30.3 Model for a Sustainable Energy Concept for Austria

Andreas Windsperger , Institut für Industrielle Ökologie, St. Pölten, Austria
Marcus Hummel , Institut für Industrielle Ökologie, St. Pölten, Austria
Full Papers
  • ZEFÖ_vff_Alborg 2009-Model for a sustainable energy concept for austria-IIÖ.pdf (373.7 kB)
  • In many countries such as Austria the energy demand is mainly covered by fossil fuels. Over the last decades the negative impact of fossil fuels on the climate became apparent and has been largely investigated. Furthermore the usage of fossil fuels can not be durable and stable over a long time period. This brings up the need for modelling a possible future energy system using solely renewable energy sources.

    The goal of the project ZEFÖ is to compare and possibly match the energy demand of Austria with the long-term potentials of Austria’s renewable energies. Different possible full coverage scenarios of the energy demand should be visualized and analyzed, while taking into account the trade-off between using biomass for food, for animal feed, for material usage and for providing energy carriers.

    To reach this goal we developed a static model of different energy demand scenarios versus all the different energy sources available per year. The model contains many parameters for an easy change in the settings on the supply side as well as on the demand side for studying the influence on the balance. We use a top-down modelling approach for the energy balance using statistical data and we employ bottom-up modelling for parts of the system where this seemed necessary, due to high efficiency or trade-off potentials.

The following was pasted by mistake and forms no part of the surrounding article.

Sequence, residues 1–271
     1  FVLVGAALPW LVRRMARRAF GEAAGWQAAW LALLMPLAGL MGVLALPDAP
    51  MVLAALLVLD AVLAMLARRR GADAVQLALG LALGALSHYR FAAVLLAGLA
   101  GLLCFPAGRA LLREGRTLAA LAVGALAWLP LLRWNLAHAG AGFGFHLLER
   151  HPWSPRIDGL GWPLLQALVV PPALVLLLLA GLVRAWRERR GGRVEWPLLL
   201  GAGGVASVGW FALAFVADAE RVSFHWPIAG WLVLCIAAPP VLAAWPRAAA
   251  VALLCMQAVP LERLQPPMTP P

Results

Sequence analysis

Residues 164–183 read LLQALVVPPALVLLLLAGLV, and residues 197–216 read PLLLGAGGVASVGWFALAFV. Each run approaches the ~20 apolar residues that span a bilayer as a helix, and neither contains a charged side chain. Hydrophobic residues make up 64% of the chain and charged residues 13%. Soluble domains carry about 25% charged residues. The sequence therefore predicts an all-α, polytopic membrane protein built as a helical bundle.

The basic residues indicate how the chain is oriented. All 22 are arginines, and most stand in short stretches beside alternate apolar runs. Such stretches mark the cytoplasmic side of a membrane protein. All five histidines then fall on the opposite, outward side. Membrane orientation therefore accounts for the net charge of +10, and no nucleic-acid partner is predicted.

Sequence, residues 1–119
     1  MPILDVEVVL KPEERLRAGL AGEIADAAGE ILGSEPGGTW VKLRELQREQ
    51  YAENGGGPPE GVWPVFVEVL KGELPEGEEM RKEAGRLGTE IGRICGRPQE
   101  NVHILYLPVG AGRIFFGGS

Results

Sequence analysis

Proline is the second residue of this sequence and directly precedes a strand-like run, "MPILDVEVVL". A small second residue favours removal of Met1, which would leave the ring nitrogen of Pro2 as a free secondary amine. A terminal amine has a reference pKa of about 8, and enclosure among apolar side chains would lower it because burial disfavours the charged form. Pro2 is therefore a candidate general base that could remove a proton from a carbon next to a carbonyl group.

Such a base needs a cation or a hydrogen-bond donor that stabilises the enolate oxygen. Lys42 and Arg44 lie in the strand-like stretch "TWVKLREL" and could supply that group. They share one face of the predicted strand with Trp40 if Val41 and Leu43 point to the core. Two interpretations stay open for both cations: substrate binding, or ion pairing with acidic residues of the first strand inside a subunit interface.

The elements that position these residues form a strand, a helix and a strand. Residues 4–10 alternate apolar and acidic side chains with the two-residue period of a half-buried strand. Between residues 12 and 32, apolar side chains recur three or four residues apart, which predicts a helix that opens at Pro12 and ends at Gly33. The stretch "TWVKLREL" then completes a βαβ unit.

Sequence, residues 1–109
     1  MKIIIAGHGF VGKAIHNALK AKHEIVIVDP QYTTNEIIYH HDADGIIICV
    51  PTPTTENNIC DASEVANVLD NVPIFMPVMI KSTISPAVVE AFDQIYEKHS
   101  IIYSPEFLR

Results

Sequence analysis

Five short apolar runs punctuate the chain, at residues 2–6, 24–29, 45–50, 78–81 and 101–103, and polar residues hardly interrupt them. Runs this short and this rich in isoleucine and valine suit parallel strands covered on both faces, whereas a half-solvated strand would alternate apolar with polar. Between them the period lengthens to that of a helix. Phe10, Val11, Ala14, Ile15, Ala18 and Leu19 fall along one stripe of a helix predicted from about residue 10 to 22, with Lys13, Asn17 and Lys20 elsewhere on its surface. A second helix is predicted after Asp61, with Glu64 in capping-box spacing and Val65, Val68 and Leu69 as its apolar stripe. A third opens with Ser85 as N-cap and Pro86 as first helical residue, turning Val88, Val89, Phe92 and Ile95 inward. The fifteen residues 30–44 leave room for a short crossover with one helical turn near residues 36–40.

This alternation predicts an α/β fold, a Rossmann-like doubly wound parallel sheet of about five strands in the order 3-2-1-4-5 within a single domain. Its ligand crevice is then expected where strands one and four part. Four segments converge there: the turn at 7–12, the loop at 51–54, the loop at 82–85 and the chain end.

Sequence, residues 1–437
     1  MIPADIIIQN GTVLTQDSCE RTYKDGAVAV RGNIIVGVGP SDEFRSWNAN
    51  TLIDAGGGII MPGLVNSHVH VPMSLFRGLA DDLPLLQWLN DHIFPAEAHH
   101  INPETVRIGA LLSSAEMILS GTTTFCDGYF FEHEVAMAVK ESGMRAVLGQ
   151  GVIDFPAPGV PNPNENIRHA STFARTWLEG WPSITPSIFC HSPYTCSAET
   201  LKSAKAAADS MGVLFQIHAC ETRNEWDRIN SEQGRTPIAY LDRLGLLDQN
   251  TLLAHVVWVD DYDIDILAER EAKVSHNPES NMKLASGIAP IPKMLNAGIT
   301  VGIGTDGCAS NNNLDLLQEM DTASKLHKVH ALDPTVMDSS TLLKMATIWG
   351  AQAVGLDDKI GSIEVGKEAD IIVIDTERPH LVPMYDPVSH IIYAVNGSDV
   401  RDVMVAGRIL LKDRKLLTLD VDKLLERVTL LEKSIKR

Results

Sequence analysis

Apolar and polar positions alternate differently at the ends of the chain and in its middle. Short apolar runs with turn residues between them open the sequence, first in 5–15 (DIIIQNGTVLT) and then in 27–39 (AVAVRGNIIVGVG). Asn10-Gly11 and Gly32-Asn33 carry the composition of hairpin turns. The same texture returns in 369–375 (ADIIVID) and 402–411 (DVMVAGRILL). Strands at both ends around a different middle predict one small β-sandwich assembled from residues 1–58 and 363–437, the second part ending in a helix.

Varying parameters also allows to examine the effects of enforcing or reducing various energy supply and energy conversion technologies. The profound modelling of the areas of space heating (including hot water) and mobility on the demand side makes it possible to consider changes in the structure of buildings, the population number and the mobility behaviour, as well as the transportation structures. The forestry and the agriculture areas on the supply side are also modelled bottom-up to be able to simulate changes of the alimentation behaviour, the woodworking industries and the agricultural system. The total effects of such changes on the energy system and its balance can then be looked at and analyzed.

    Technically the model is realized in the object-oriented programming tool GaBi by a functional combination of processes. The most processes describe a conversion of energy/material into a different form, e.g. a wood stove converting 1 kg dry wood into 20 MJ heat. But also the correlation between area and energy or energy and energy services is realized through processes. Connecting the processes via flows and sub-modelling processes hierarchically allows for modelling even the most complex energy systems.

    Our conclusion is that - against common opinion - it is possible to provide full coverage of Austria’s energy demand by just using renewable energy sources, even with the still existing technologies. However there have to be significant changes in the structure of buildings introducing high construction standards to reduce the loss of heat drastically and mobility technologies have to change towards electrical drives having much higher conversion efficiencies.